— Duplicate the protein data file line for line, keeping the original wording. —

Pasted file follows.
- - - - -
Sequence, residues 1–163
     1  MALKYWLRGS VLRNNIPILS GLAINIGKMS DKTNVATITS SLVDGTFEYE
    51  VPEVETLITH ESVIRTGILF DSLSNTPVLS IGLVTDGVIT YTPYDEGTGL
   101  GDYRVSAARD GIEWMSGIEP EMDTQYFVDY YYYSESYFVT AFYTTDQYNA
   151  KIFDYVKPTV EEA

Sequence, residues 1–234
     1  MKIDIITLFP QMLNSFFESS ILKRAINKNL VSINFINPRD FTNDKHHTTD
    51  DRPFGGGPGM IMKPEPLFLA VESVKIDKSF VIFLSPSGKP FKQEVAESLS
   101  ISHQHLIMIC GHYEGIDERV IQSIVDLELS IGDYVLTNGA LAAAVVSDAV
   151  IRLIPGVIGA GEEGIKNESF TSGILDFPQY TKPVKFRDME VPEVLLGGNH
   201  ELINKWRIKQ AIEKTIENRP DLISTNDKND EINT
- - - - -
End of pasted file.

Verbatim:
Sequence, residues 1–163
     1  MALKYWLRGS VLRNNIPILS GLAINIGKMS DKTNVATITS SLVDGTFEYE
    51  VPEVETLITH ESVIRTGILF DSLSNTPVLS IGLVTDGVIT YTPYDEGTGL
   101  GDYRVSAARD GIEWMSGIEP EMDTQYFVDY YYYSESYFVT AFYTTDQYNA
   151  KIFDYVKPTV EEA

Sequence, residues 1–234
     1  MKIDIITLFP QMLNSFFESS ILKRAINKNL VSINFINPRD FTNDKHHTTD
    51  DRPFGGGPGM IMKPEPLFLA VESVKIDKSF VIFLSPSGKP FKQEVAESLS
   101  ISHQHLIMIC GHYEGIDERV IQSIVDLELS IGDYVLTNGA LAAAVVSDAV
   151  IRLIPGVIGA GEEGIKNESF TSGILDFPQY TKPVKFRDME VPEVLLGGNH
   201  ELINKWRIKQ AIEKTIENRP DLISTNDKND EINT